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The Worst Mistake PayPal Investors Can Make Right Now

High-growth tech stocks have been getting hammered in recent months, thanks to heightened economic uncertainty caused by soaring inflation, the ongoing coronavirus pandemic, and tightening monetary policy. Among this unfortunate group is fintech leader PayPal Holdings (NASDAQ: PYPL), whose stock is down roughly 41% over the past six months. At recent prices, the business sported a market cap of $205 billion.

While it's easy to take your signal from the rest of the market, you're always better off ignoring the noise and thinking independently. Using this perspective, the worst mistake PayPal shareholders can make right now is to panic and sell their stock.

Let's find out why.

Image source: Getty Images.

PayPal is a winning investment

Since spinning off from eBay in July 2015, PayPal's stock has returned nearly 400%, crushing the broader S&P 500. The company has been a winning investment because of its impressive fundamentals. From 2015 through 2020, annual sales more than doubled from $9.2 billion to $21.5 billion. During this time, net income and operating cash flow jumped 242% and 130%, respectively.

Pioneering the growth of electronic payments has certainly been lucrative for PayPal. And the rise of online shopping has helped propel this trend. Total payment volume (TPV), a key metric to pay attention to, was a whopping $310 billion in the most recent quarter (third-quarter 2021 ended Sept. 30), up 26% year over year. What's more, PayPal added 13.3 million net new active accounts during the three-month period. The company is clearly still operating at a high level, which you wouldn't know by looking at the stock price.

This year, management expects revenue to jump roughly 18% compared to 2021 to reach $30 billion. While this was below Wall Street's expectation of $31.6 billion, it would nonetheless be a solid year-over-year gain and in line with PayPal's past yearly growth. There's also a high probability that TPV will approach $1.5 trillion for all of 2022, a truly gargantuan amount.

For this remarkable historical performance, and for the potential of continued success, investors are being asked to pay just 42 times trailing-12-month earnings. This is near the lowest level PayPal's stock has traded at in the past few years. Investors who decide to cash out of PayPal now because of its poor recent price performance are likely missing out on continued market-beating returns in the future. Now might actually be a great time to buy PayPal shares.

PayPal has a massive user base

Perhaps nothing exemplifies PayPal's dominance in the world of digital payments more than its burgeoning customer base. Through the end of the third quarter on Sept. 30, the business had 416 million active accounts, a figure that climbs higher with each passing quarter. PayPal checkout is currently available at 75% of the top 1,500 North American and European retailers. This ubiquity is unmatched.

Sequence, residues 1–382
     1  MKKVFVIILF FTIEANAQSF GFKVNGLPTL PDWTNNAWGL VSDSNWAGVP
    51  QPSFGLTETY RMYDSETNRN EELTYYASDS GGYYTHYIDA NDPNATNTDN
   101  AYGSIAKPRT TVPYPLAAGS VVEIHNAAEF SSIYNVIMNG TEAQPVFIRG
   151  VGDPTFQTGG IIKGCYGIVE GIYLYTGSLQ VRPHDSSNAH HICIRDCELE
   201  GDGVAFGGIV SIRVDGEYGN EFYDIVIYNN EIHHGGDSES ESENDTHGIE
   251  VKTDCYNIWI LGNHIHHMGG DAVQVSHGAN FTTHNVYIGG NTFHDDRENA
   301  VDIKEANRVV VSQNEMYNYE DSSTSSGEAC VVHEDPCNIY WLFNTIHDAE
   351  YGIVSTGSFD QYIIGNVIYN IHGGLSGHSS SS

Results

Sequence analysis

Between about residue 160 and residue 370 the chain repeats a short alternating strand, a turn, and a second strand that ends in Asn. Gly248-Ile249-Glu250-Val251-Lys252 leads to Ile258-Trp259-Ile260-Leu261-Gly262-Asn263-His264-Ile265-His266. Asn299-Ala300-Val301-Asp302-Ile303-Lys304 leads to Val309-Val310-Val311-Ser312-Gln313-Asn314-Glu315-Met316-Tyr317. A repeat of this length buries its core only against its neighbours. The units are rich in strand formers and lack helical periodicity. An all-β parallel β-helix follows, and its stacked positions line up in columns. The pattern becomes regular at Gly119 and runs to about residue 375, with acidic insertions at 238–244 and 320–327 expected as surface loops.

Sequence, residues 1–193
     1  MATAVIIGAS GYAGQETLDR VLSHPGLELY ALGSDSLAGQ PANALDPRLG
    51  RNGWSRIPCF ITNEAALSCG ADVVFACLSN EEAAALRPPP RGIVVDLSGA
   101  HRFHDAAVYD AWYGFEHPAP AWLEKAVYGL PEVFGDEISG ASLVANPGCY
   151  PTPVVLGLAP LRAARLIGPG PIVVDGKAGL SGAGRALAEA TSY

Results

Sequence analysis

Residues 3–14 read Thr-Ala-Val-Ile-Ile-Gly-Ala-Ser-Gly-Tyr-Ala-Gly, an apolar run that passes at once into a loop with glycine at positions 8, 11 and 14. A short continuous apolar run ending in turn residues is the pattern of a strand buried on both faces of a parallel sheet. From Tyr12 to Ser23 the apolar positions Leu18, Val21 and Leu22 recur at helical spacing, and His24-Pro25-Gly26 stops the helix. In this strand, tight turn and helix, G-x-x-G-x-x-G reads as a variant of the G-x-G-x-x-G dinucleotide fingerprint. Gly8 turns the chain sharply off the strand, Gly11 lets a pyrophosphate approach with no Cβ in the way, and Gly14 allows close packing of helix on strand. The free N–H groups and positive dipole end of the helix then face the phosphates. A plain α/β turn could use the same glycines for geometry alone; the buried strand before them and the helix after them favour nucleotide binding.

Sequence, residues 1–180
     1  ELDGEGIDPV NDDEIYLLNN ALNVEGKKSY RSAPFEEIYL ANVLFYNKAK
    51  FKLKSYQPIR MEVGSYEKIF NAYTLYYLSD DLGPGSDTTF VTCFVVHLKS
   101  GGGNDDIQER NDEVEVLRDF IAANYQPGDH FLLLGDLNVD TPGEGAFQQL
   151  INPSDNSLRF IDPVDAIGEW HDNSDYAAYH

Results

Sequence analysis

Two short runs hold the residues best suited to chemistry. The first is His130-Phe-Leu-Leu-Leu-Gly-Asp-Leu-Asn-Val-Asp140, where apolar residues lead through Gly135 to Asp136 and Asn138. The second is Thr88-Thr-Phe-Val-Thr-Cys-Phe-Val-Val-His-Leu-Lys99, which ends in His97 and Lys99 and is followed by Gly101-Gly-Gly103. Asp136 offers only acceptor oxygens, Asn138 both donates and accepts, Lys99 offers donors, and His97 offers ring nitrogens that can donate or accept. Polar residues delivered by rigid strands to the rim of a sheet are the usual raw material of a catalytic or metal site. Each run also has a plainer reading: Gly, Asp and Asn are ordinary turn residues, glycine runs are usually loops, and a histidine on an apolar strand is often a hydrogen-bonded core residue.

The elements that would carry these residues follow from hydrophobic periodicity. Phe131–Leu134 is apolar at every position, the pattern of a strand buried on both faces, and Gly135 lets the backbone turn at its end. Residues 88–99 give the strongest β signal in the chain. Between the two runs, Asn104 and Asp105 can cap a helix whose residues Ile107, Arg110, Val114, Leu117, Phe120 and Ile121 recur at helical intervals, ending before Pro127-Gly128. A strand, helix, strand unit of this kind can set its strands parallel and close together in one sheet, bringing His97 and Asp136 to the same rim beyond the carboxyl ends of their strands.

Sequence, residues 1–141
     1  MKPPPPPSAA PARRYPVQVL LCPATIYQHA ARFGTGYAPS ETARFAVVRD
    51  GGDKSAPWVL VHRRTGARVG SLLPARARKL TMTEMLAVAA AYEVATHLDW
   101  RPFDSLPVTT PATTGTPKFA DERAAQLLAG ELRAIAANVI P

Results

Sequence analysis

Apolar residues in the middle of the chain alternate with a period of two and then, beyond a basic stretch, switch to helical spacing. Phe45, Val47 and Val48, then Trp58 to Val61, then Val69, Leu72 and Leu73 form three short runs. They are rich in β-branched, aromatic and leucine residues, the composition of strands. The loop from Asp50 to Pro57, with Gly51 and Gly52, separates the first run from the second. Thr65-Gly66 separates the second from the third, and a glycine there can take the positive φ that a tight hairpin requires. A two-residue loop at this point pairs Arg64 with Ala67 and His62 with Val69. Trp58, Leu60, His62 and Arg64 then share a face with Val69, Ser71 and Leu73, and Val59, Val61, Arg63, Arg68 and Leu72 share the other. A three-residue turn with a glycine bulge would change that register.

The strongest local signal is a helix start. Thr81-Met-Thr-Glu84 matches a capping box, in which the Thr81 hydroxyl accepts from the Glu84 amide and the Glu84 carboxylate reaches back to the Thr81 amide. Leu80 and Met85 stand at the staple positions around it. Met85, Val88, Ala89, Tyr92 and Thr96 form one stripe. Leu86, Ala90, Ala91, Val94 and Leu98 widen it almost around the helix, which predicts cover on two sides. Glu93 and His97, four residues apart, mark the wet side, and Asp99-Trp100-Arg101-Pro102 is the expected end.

Introducing new product features is vital to attract more individuals to PayPal's platform. The company revamped its flagship mobile app last year, adding early direct deposit and shopping rewards to existing capabilities like investing in and checking out with crypto and buy now, pay later (BNPL). "Those customers that are using our installment paid product, our buy now pay later product, have a 21% increase in engagement, relative to other customers," CFO John Rainey said on the Q3 earnings call.

Boosting PayPal's prospects is a new partnership with Amazon, which will allow U.S. customers to check out with their Venmo balances starting sometime this year. It is the first third-party payments partnership Amazon has entered into, demonstrating just how powerful a brand PayPal really is.

This massive user base allows PayPal to benefit from a network effect: As more individuals sign up for a PayPal account, the value for merchants rises, as they now have a bigger potential customer base; and the opposite is also true, with more participating merchants growing the number of places consumers can shop. This only strengthens PayPal's competitive position over time.

I expect 2022 to be a positive year for PayPal's stock, primarily as a result of the unwarranted pessimism priced in today. If you're a shareholder, I urge you to hold onto your shares. The potential for market outperformance is still very much alive.

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John Mackey, CEO of Whole Foods Market, an Amazon subsidiary, is a member of The Motley Fool's board of directors. Neil Patel has no position in any of the stocks mentioned. The Motley Fool owns and recommends Amazon and PayPal Holdings. The Motley Fool recommends eBay and recommends the following options: long January 2022 $1,920 calls on Amazon, long January 2022 $75 calls on PayPal Holdings, short January 2022 $1,940 calls on Amazon, and short January 2022 $82.50 calls on eBay. The Motley Fool has a disclosure policy.


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